Who could have predicted a President Donald J. Trump? Turns out some people did. Measures C and D lost, predictably, but the size of the win by opponents to Lilac Hills, not so much.
Republican presidential candidate Donald Trump's troubles include sexual assault allegations now filtering into San Diego races. The race for supervisor in District 3 should have been a cakewalk for the incumbent. Measure to increase sales tax has an uphill road. Lilac Hills could bloom, or not.
For the first time since 2002, the 49th Congressional District is at the center of a fiercely contested political contest. The incumbent Republican Darrell Issa makes his case on Midday Edition.
Issa's opponent, a retired Marine colonel, was unknown in the 49th Congressional District until this year.
A sudden $50,000 contribution to the county Republican Party is connected to Measure B on the ballot. When squalid, illegal apartments are rehabbed, not everyone benefits. The Haitian refugees at our doorstep cope with changing rules.
Author John Fleck says that states and individuals don't fight over water so much as they conserve it and cooperate over how much to use.
Darrell Issa's congressional race is closer than he would perhaps like. A local company refers a patient for a costly, unproven stem cell treatment. And Barrio Logan braces for a very large new neighbor.
- Sept. 20
- By Pat Finn
In San Diego sportswriter Jay Paris' new book, 21 Chargers stars reveal the game that was most important to them. Not all the games were wins.
The San Diego Police Department has a backlog of some 2,400 untested rape kits. The San Diego Zoo has a huge bank account and a taxpayer subsidy. Suburban cities like Poway and La Mesa have more and more cases of opioid and heroin abuse.
- Sept. 14
- By Pat Finn
Carl Hiaasen is in town to explain — if he can — his home state of Florida and talk about his latest comic crime novel, actually, comic novel crime. In this case, it's one perpetrated by the "Razor Girl" of the title.
The Mt. Soledad cross case is finally over. San Diego's housing crisis is getting worse. San Diego's living wage ordinance is a 10-year success. Downtown public toilets are often not functional.
These days there seem to be hackers rummaging around in databases everywhere: department stores, banks, hotels, the Democratic Party, the Ukrainian power grid, even the formidable National Security Agency. So why aren't we more alarmed?
If recreational pot becomes legal, San Diego wants to tax its sales. The city's Climate Action Plan predicts thousands will quit driving to work. And San Diego's school district makes pre-K available to all — for a price.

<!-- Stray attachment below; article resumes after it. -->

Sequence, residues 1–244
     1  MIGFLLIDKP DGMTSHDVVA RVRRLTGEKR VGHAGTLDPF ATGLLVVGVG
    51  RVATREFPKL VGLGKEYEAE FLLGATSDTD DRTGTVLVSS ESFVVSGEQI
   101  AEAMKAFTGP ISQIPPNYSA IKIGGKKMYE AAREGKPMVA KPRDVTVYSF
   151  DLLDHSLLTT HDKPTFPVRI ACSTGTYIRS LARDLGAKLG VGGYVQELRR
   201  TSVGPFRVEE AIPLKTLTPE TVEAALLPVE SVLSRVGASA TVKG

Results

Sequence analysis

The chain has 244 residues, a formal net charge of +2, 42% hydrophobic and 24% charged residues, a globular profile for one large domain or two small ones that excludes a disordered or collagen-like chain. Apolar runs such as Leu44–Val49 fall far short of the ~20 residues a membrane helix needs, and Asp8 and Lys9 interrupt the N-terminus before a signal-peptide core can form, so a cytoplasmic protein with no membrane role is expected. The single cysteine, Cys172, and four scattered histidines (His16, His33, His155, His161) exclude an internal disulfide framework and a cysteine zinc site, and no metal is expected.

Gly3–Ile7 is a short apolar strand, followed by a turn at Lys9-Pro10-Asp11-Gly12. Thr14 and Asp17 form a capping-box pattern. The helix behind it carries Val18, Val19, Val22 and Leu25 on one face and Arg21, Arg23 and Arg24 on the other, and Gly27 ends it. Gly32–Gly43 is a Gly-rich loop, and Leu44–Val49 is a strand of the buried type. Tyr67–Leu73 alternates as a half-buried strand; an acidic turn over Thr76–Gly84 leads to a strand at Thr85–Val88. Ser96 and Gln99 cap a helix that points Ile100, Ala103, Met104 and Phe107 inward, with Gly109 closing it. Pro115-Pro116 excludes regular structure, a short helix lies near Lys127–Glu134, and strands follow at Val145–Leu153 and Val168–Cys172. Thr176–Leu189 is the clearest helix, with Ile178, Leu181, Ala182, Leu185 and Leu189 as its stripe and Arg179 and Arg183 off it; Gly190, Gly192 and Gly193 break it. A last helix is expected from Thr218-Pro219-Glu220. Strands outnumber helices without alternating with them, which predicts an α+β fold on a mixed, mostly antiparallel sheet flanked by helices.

Two bills closing loopholes in California's laws governing rape have been sent to the governor. Both were inspired by the recent Brock Turner case.
As the 2016-17 school year begins, some charter school funds are running out, preschool can be pretty darn expensive, and the chronic absence rate — for teachers — is high.
An officer's deposition reveals a surprising outcome in the 2015 shooting of Fridoon Nehad. The Chargers defend their stadium plan. And does more funding mean less traffic?
At 32, Dan McSwain found himself living on the streets, addicted to drugs and alcohol. He told his story of degradation and redemption in The San Diego Union-Tribune this week.
The museum's La Jolla location gets ready to shut down for a major remodel — with a new gallery space, terraces and an expanded sculpture garden in its future.
The San Diego County Taxpayers Association concluded the Chargers' ballot measure won't raise enough money. The city's Independent Budget Analyst says it will — if estimates are accurate.
In 2012, some cities in the region struggled to find enough candidates to make local races competitive. That's not the case now. Plus, an upscale hotel is coming to Escondido.
The presidential race continues to make headlines. Turns out, there were quite a number of straw donors to the Dumanis mayoral campaign. And American wives are being denied SENTRI passes when their husbands are deported to Mexico.
There's nothing unusual about dead fish washing up on the shore of the Salton Sea. What is unusual is that all of them are fully grown. The lack of young fish and the absence of foraging birds could mean the sea's salinity has reached a critical level.
San Diego's District 1 City Council race is surprisingly settled when the Republican withdraws. New homes in the county are built for those with above-average incomes. A San Diegan sues Hillary Clinton in federal court.
Peter Navarro ran for mayor, Congress and the City Council as a San Diego Democrat in the 1990s. Now he's an advisor on Donald Trump's economic team.
Stephen Metcalfe writes for film and stage. In his first novel for adults, the protagonist navigates his way through life with an autistic son, an absent wife and an ailing mother.
Some surprising names surface in federal trial of José Susumo Azano Matsura. For 24 years, San Diego leaders have ignored a law requiring the names of everyone doing business with the city. And a San Diego planning official operates an RV park without permits, electricity or sewer hookups.
The death of Officer Jonathan De Guzman raises questions about relations between San Diego police and the neighborhoods they serve.